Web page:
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1524011_10154351280710370_440017689342755454_oI bought into so many of the pinterest fables when I first had kids. I couldn’t wait for my kid to be big enough to stand at the counter with me to use her Montessori inspired kitchen tools. Matching aprons mandatory.

Now she’s 3 and I’m 3 years the wiser.

Most days having my kid in the kitchen with me is a giant pain in the ass. Kind of like most of parenthood. And just like all of the other herculean parenting tasks we take on it’s still worth it (most days).

Why I Hate Cooking with My Kid:

1. The Mess

She makes a mess. Every time, unfailingly. Sometimes it’s a big mess- flour covering every square inch of the kitchen floor. Sometimes it’s a bit of sauce spilled on the counter having been stirred with more enthusiasm than the bowl could contain. I like cooking, I HATE cleaning.

2. The Questions.

It’s a constant barrage. Somedays I’m tempted to make a sign for my kitchen that lets everyone know that a full ban on the question mark is in effect at all times. I wonder if you an find that on pinterest?

3. Things Aren’t Done Perfectly.

I’ll admit it, I have a slight problem with perfectionism. When she dumps the shredded mozzarella into a tall mound on the corner of the lasagna my inner type A personality cringes.

4. It Takes More Time.

Instead of being able to set up an efficient work space I have to set things up to make it as easy as possible for her to help. Oh and I have to stop and answer questions, clean up messes, and redistribute mozzarella.

5. The Company.

I’m an introvert who spends almost every waking moment in the company of two kids. Sometimes cooking is the only time I get to retreat back into my lovely bubble and recharge. And drink wine. Both are hard to do when she’s cooking with me. The wine will inevitably get spilled (see #1).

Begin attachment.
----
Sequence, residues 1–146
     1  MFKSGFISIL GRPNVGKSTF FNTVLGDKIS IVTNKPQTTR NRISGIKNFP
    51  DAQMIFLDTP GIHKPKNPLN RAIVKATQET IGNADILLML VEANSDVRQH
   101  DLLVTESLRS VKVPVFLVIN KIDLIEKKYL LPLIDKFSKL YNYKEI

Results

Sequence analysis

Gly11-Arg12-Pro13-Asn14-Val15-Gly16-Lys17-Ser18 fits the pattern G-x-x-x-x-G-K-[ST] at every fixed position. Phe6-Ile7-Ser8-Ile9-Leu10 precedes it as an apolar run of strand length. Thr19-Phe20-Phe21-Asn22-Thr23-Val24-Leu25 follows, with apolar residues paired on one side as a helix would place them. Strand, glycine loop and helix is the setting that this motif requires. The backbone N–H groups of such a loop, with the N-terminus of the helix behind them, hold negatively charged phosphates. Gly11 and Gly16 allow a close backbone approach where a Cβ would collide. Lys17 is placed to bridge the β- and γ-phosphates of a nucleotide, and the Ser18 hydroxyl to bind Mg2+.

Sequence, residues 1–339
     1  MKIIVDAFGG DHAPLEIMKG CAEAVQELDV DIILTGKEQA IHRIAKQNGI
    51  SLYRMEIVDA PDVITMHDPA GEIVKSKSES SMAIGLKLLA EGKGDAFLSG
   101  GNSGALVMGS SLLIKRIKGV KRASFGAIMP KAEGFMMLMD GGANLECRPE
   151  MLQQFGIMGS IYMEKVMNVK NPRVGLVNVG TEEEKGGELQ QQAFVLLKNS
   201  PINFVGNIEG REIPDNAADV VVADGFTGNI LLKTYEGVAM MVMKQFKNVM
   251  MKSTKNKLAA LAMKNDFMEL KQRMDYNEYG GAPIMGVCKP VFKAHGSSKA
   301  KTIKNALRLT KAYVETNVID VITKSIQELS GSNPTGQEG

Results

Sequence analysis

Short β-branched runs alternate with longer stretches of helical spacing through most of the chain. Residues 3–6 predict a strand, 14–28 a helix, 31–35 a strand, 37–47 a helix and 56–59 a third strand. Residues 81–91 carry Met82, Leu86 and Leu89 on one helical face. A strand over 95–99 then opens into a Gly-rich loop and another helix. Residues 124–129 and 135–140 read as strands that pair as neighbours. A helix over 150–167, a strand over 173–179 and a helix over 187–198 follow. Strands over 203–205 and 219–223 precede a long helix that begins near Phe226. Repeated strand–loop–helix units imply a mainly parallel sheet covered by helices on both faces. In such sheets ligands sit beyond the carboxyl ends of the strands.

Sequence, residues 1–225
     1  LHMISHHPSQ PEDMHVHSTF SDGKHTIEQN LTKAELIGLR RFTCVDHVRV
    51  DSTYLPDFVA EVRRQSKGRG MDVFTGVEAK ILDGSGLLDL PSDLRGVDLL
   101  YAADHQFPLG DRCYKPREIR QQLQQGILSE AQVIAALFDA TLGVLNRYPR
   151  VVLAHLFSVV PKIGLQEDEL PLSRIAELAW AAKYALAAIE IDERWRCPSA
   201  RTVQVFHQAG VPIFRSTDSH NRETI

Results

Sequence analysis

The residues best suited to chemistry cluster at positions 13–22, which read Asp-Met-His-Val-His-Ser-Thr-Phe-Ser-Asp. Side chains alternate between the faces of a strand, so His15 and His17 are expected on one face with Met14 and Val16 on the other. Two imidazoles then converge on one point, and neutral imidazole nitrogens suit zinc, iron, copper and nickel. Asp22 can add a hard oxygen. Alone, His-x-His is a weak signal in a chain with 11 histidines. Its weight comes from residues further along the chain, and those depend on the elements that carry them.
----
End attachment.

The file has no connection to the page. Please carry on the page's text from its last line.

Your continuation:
Why I do It Anyway:

1. Food Skills

I want to send my kids out into the world with a set of food skills they absorbed during their childhood. This means creating food out of real ingredients has to be as everyday to her as brushing her teeth.

2. Brings her into my world.

Being a STHM is not a natural thing for me. I enjoy it well enough most days, but often I feel I’m wearing a Mom mask. When my daughter cooks with me I get to share a part of the real person I am. I have a natural confidence in the kitchen that makes it easy for me to clearly set limits and expectations. I struggle with doing that in our day to day lives.

3. Traditions.

I am a sap for holidays and traditions. I’m 80% sure the main reason I had kids was for Christmastime (and how awesome is it that that is a real word?). Food traditions are one of the few things that cut across all cultures, past and present. I am afraid by letting factories do our cooking we are also going to lose the memories that are created while preparing the foods together. I want to use those opportunities to bond with my kids in the middle of the hectic lives we live. So yeah having my kid in the kitchen doesn’t look like the pinterest shots. I can only imagine it’s going to get worse as the 1 year old starts to join in. Still worth it. Might need more wine though.

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